The day has finally arrived! You leave the closing table with the keys to your new house and you're officially a homeowner. You're ready to take a few pictures in front of the sold sign, pop open a
What can I negotiate as a seller?
Dated: November 17 2020
You just got an offer, now what? You may have just spent the last hours, days, or weeks praying for a great offer and now you don't want to ruin it! Remember - you have what the buyers want!
Let me break down your negotiating power ↓
1. Length of contingencies: When a buyer submits an offer, they will include any necessary contingencies such as the home inspection, appraisal, and financing. These contingencies have deadlines attached to them. If you are trying to juggle a double move (sell your house and buy) you'll want to make sure these deadlines aren't being extended longer than necessary, yet give you enough time to coordinate and plan. As the seller, you have the option to counter offer and reduce the contingency deadlines to what you and your real estate agent think is more reasonable if needed.
2. Schedule closing for a specific date: Let the buyer's agent know that you have a specific date you want to close on before they even write the offer (if they give your agent a head's up). In most cases at the moment in New Jersey and Pennsylvania, the ball is in the seller's court due to the massive lack of inventory. That gives you more negotiating power which means if you aren't ready to move out for 90 days, you can probably make that happen!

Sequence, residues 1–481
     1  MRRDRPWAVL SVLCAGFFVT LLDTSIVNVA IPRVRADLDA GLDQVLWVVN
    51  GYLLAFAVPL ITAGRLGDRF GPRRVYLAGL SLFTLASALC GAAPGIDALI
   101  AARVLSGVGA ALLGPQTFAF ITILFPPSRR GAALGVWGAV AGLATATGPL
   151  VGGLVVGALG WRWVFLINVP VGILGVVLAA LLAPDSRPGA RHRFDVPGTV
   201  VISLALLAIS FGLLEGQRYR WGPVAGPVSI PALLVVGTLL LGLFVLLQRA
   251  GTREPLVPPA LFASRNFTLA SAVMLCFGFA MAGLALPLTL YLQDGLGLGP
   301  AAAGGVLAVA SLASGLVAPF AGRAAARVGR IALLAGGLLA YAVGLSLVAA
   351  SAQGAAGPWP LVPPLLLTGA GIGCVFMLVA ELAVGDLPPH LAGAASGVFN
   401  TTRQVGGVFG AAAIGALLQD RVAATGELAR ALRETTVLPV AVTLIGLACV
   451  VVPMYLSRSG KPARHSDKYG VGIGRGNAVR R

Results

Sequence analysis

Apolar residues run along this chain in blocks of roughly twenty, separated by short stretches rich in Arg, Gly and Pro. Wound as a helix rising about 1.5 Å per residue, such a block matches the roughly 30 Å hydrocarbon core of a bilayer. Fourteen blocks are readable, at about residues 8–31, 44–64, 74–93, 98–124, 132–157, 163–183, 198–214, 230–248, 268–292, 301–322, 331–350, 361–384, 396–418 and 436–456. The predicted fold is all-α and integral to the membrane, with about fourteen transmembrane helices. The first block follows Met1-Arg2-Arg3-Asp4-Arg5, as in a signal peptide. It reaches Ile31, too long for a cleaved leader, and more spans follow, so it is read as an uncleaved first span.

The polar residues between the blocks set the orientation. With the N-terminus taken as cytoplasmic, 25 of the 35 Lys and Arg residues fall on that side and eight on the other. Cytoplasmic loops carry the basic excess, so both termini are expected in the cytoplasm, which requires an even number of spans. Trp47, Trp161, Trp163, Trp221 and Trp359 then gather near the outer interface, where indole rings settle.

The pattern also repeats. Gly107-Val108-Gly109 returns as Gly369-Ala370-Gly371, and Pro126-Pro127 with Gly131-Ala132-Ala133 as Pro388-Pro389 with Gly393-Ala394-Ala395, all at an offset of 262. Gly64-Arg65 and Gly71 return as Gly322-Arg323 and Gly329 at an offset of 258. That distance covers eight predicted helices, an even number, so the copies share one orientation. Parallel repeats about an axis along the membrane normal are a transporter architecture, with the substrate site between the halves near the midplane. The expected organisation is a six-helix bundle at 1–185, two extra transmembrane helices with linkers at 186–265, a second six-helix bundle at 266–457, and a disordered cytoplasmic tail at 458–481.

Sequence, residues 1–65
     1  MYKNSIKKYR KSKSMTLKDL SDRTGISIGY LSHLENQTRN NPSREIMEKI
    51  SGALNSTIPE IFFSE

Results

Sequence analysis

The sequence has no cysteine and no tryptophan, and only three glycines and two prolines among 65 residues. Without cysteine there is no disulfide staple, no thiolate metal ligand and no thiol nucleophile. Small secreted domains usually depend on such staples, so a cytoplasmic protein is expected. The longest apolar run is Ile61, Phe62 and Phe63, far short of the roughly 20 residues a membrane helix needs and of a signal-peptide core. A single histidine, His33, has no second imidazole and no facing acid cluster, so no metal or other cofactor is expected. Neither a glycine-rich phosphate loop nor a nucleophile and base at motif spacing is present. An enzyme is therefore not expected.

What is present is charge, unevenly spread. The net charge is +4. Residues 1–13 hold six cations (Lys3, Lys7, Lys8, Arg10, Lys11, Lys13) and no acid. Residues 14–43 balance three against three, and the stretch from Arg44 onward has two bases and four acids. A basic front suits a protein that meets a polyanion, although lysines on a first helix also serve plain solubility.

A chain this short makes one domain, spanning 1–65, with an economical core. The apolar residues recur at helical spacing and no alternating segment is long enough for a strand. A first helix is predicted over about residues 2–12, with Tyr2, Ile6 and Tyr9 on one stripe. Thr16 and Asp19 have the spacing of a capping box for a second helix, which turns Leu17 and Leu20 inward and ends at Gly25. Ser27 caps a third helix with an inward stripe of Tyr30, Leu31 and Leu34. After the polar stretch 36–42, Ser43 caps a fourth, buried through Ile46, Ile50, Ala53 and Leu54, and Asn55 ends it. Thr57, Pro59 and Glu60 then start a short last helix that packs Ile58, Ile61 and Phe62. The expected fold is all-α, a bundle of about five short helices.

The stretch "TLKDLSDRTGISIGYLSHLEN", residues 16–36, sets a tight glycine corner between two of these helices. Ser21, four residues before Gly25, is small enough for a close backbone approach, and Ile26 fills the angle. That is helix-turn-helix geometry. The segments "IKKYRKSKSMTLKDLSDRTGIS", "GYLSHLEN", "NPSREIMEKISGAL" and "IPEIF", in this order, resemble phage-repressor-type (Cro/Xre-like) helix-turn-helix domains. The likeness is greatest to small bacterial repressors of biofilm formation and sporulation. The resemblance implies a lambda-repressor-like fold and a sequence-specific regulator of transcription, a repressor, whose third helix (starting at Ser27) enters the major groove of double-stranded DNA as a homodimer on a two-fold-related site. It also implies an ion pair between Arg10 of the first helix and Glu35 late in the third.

3. Home inspection repairs: Here's the thing, you don't have to repair every single thing the buyer asks for, much less every single thing on the report. If there are major repairs that affect the value, safety, or health of the property, those are the things you'll most likely need to take care of to get to the closing table. You can also offer the buyer a credit so they can handle them they way they want after closing. (Tip: that usually works out best and is less of a headache for you).
4. The earnest money deposit amount: As soon as you accept an offer, the buyer is going to submit an earnest money deposit, which is kind of like their security deposit for the transaction. It shows that they are going to try their best to meet deadlines and settle on this property. You can always counter an offer and ask that the buyers increase their earnest money amount. Each state varies with what is typical to offer as an earnest money amount and there are other factors that affect how much is customary, which we'll discuss at the time of the offer. However, a buyer offering a higher amount for their earnest money deposit can show that they are more financially secure and more likely to obtain financing.
Do you have questions about your negotiating power when it comes to selling your home?
Hi there, I’m Rachel! I'm a licensed REALTOR serving clients in New Jersey and Pennsylvania. I ensure that my clients' homes make an amazing first impression on the market. I teach my clients to ....